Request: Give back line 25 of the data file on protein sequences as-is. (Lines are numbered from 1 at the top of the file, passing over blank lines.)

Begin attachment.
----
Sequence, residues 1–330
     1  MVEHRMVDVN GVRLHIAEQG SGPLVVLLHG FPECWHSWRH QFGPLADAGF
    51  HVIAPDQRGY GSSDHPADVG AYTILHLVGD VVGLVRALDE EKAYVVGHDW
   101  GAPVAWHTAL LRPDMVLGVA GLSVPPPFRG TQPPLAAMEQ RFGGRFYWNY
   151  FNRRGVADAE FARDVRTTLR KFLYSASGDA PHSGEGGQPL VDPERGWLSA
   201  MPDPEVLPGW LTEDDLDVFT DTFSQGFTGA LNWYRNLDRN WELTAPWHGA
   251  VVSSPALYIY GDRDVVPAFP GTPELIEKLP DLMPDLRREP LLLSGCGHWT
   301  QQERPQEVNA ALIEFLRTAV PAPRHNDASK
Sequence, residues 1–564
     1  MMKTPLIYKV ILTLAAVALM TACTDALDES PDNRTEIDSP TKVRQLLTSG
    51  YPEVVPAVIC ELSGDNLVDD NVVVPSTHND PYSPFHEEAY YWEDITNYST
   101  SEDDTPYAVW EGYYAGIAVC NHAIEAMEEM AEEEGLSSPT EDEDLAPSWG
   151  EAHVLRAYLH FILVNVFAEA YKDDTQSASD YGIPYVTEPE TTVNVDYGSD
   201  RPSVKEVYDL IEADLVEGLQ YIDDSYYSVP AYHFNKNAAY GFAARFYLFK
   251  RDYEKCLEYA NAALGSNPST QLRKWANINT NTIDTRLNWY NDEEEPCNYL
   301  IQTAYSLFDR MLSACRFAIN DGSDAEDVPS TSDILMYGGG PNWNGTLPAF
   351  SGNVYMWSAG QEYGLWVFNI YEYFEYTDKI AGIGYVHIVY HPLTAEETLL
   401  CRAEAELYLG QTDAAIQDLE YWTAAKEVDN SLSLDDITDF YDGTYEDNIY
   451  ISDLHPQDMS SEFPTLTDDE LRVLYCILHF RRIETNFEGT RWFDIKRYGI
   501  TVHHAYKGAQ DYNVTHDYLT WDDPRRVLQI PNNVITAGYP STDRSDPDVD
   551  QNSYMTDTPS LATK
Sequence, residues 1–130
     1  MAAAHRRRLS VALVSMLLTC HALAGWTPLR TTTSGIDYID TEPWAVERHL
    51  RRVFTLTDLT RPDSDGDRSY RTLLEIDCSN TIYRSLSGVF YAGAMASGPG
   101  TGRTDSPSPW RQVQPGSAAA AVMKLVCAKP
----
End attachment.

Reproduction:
   101  TGRTDSPSPW RQVQPGSAAA AVMKLVCAKP